Pearls of Wisdom

There's nothing like a great strand of pearls! Of all my favorite beads and jewelry-making supplies, I think pearls top the list. There's a reason why these little beauties are so precious: each one is the result of a lengthy natural process, and, just like snowflakes, no two natural pearls are exactly alike. If you have yet to discover the wonderful world of pearls in your beading projects, here's a little information to get you started:

Natural Pearls

There are two types of natural pearls: cultured pearls and freshwater pearls.

Cultured pearls are created in oysters, when an irritant like a grain of sand enters the oyster, but can't be expelled. The layers of nacre secreted by the oyster build up around the tiny irritant until a pearl is created. A cultured pearl means that the process was initiated by a human being and not some other natural event — the oyster is harvested, an irritant is implanted in a lab, and then the mollusk is returned to the sea where the pearl grows over many weeks, months, or even years. The very best cultured pearls come from Japan, and can cost upwards of thousands of dollars for a single pearl.

Freshwater pearls are grown in freshwater mussels in circumstances similar to the cultured pearls. Most of these freshwater pearls come from China, and in the last few years, there has been an explosion of freshwater pearls in pretty much every color, shape, and size that you can imagine. While these pearls used to be relatively low cost compared to their cultured counterparts, you can now find freshwater pearls that retail for several hundred dollars per 16" strand. Freshwater pearls generally have a much more organic look to them than cultured pearls, and can be found readily in every local bead shop, bead show, or craft store where jewelry-making and beading supplies are sold.

Glass or Crystal Pearls

If you love the look of natural pearls but want something with a more uniform shape, color, and size, then crystal or glass pearls are just the thing for you. These beads are made with either a glass or crystal base, and are coated with many layers of a pearly substance which can be a type of glass, a coat paint, and may contain bits of crushed up pearls to give it that characteristic pearl luster.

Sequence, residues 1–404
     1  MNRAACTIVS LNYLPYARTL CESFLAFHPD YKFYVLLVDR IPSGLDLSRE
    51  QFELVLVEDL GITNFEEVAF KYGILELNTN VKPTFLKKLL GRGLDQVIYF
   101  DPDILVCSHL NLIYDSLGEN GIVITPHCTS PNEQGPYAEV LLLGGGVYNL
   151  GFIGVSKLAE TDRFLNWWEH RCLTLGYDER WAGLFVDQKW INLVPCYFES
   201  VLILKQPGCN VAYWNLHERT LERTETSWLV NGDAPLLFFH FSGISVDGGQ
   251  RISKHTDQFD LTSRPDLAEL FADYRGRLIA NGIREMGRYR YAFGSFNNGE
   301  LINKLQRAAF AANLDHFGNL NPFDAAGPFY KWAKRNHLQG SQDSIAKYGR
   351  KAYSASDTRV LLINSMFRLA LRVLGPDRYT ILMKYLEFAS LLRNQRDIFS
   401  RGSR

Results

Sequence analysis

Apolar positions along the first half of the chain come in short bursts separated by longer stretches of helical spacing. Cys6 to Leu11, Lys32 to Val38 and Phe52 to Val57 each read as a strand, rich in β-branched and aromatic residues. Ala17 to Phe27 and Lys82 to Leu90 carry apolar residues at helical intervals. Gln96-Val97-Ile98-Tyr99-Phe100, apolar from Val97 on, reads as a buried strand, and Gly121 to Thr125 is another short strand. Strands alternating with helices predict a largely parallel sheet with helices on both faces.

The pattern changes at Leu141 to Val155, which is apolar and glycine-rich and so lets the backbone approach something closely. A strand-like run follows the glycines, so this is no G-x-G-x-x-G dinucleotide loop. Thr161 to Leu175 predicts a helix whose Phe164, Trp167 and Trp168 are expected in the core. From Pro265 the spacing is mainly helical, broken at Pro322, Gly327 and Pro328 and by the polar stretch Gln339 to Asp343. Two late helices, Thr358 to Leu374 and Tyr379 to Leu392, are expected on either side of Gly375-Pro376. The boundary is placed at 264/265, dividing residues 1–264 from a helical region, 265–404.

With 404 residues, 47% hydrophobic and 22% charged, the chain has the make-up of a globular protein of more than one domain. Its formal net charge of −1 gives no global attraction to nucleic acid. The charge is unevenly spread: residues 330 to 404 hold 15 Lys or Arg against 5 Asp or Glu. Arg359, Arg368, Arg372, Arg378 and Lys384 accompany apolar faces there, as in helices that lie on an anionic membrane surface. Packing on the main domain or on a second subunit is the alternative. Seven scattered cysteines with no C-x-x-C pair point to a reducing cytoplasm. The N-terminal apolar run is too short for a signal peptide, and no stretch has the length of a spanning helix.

Glass or crystal pearls are generally much heavier than natural pearls, and while they may have larger bead holes, care should be taken to avoid fraying or even broken threads when using them for bead-weaving.

How Do You Use Your Pearls?

Now that you have a little bit of background on pearls and how they're created, how do you want to use your pearls? Here are three suggestions using some of my favorite projects from the Beading Daily Shop!

Pearls front and center! Let your pearls be the main attraction of your beading projects when you create Saturn of the Sea by Sue Jackson and Wendy Hubick. Substitute the beautiful, dark crystal pearls for a lighter color to personalize this stunning necklace that you'll want to wear again and again.
Pearls in a supporting role. Barbara Falkowitz used these lovely crystal pearls to add glamor to her Runway of Pearls bracelet without making them the focal point of the bracelet. Pearls can be used as a way to soften a silver-lined seed bead or bright metallic beads without overpowering the whole design.
Pearls as extras. Even if you only have a few of these luscious lustered beads in your stash, you can still use them to great effect by playing off their color and shine, like Csilla Csmiraz's Dragon Dance bracelet. Combining crystal pearls with textured bead-weaving creates a visually stunning piece of beaded art for your wrist. Try experimenting with some of the new neon colored crystal pearls and see what kinds of pearly goodness you can design!

Ready to find more great pearl beading projects? Check out all the fabulous projects available for instant download right now in the Beading Daily Shop!

Do you have a favorite type, shape, or color of pearl? What do you think about the new neon crystal pearls? Leave a comment here on the Beading Daily blog and tell us why you love to use pearls in your beading projects!

Bead Happy,

Jennifer

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